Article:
But picking Rand Paul to get Ron paul voters to vote for him, would be a mistake for Mitt Romney.
While Rand Paul will help among fiscal conservatives and can add to the ticket a degree of the anti-establishment popularity that Romney lacks, Rand is still too untested for the national stage. Furthermore, despite what some believe, Ron Paul’s following is not quite as large as they would believe, which is perhaps why Ron Paul has failed to win the presidency as the Libertarian nominee in 1988, and has now twice failed to win the Republican presidential nomination.
Furthermore; Rand Paul has provided a lot of material of which the left will use to distract voters with He has given them plenty of material to exploit and dominate news cycles with in attempts to paint Rand Paul as an out of touch, extremist. Such a situation would end up creating a din of sensationalized headlines so loud and so often, that it would drown out such things as Romney’s proposals to tackle create jobs, grow the economy, cut spending, and tackle the enormous, Obama dominated spending deficit. Rand Paul’s record may be short, but it is rich with both scripted and unscripted, controversial remarks that would provide the left with an abundance of material to exploit and distract voters with. That combined with the fact that there are many more accomplished and experienced potential vice presidential nominees who can also appeal to the anti-establishment and T.E.A., movement voting blocs, and what you have is no real need for Romney to take a chance on Rand Paul.
- Rand Paul can attract support from among some Libertarians and from some of his father’s militant followers who would otherwise avoid voting Republican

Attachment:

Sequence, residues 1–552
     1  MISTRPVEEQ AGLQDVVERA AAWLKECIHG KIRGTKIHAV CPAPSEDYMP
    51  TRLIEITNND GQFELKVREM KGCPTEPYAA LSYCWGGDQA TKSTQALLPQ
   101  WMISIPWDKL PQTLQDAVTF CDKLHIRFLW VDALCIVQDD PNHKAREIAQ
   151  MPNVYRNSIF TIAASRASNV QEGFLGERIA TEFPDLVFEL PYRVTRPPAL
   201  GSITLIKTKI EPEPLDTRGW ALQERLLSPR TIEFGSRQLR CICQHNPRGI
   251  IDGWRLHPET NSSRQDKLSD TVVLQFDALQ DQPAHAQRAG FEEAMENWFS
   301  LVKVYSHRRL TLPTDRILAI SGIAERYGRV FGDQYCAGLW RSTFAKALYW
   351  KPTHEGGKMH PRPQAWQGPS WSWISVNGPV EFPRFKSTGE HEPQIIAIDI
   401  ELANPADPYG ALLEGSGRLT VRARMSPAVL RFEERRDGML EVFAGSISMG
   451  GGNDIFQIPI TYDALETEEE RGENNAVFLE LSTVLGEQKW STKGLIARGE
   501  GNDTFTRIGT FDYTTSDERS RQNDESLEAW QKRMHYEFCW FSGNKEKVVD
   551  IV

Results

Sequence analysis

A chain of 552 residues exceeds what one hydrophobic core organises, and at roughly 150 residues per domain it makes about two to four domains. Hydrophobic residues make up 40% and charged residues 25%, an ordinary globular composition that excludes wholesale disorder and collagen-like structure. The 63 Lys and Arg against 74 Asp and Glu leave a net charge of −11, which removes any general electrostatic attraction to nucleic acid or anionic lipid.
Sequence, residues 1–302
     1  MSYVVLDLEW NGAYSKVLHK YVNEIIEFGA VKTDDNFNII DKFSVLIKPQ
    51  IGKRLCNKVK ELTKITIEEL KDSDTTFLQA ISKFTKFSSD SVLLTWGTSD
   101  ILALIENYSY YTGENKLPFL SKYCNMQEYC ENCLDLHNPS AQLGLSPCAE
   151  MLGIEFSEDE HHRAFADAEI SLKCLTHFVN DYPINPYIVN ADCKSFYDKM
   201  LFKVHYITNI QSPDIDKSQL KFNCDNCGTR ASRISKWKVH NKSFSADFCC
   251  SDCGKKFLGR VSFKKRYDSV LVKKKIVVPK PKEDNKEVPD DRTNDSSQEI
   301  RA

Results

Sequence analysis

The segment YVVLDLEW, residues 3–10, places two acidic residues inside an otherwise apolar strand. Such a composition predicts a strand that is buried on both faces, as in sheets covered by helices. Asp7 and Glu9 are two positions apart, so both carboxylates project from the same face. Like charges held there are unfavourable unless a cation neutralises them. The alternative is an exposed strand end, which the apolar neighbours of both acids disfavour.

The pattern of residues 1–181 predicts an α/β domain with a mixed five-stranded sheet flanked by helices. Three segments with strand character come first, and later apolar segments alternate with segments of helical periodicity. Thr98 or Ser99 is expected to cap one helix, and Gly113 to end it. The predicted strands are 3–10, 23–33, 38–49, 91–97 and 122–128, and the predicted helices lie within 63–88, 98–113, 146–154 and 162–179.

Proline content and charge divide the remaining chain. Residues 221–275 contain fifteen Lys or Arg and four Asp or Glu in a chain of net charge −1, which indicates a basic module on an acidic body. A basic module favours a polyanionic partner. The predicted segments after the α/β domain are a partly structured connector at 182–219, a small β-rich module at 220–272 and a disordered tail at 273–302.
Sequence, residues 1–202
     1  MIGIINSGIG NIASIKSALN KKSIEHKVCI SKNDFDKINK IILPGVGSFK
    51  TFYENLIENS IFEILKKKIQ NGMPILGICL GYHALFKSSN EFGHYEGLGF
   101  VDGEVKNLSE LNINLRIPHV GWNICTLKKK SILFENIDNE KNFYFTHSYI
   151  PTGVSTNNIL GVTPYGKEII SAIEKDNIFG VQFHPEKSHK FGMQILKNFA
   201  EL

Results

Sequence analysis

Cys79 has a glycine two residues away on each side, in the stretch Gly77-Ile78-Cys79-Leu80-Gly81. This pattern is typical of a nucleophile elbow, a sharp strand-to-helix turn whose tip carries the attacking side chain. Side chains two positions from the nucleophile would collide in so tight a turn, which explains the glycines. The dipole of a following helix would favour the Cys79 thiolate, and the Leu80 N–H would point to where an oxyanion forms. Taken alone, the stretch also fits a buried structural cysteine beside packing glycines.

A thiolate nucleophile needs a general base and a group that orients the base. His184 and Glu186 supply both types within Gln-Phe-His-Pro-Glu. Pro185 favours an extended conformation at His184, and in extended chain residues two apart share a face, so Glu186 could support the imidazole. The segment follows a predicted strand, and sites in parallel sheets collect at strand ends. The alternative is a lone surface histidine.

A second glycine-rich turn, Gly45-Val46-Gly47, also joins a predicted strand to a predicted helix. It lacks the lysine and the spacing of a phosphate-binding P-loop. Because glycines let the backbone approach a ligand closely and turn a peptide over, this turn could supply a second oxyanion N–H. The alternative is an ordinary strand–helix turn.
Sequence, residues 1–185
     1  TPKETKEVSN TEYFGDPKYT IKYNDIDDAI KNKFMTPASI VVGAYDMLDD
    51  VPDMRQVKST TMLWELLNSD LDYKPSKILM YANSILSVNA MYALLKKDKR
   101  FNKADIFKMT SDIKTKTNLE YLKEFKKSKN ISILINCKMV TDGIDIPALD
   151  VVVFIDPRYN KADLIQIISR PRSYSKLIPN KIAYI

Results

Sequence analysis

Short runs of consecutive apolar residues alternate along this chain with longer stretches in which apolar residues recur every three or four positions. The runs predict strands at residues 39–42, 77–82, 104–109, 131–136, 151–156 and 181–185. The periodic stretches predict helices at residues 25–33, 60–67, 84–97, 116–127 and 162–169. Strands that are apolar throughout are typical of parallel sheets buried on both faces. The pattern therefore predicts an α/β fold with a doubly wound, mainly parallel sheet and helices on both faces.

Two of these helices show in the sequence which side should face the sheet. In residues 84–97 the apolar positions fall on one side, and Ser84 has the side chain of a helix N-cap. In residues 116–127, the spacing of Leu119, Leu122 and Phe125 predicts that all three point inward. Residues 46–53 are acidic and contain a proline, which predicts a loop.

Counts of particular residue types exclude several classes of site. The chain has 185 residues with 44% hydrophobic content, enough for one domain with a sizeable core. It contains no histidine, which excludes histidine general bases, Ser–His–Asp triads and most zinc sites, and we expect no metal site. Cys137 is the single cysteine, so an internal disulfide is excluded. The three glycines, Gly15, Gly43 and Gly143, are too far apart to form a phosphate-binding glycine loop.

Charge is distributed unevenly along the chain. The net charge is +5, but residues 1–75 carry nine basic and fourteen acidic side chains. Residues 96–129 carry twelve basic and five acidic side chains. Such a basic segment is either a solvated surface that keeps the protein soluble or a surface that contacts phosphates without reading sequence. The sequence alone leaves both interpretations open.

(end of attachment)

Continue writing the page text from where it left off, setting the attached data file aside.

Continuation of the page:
- Rand Paul’s presence on the ticket would add an anti-establishment flavor to the ticket that Romney sorely lacks
- Rand’s nomination for V.P. would help assure conservatives that Romney is more open to reform and more committed to extreme actions to solve our spending and budget problems than he has demonstrated so far
- Rand Paul’s coming from Kentucky does not help to put a state in play for Romney. Kentucky has no chance of going for Obama in 2012 and even though Rand represents a Southern state, he has not yet established the type of popularity that would allow him to be a substantial regional influence for the Romney Ticket
- Rand has been quite prolific when it comes to saying controversial things. Between those remarks and and his record, the left would be able to use Rand as a tool to distract voters with on a daily basis.
- Rand Paul lacks legislative and foreign affairs experience
- There are more accomplished and qualified potential candidate two can help the ticket far more than Rand Paul
- Although not as isolationist as his father, some of Rand Paul’s positions significantly clash with basic conservative national defense positions
Thinking about picking Rand Paul for Vice President is more of a novelty than a serious consideration. This is especially the case when you realize that with no legislative accomplishments of his own yet, there are several far more deserving candidates who are just as strong on the same issues that make Rand Paul initially seem like a good choice for Romney.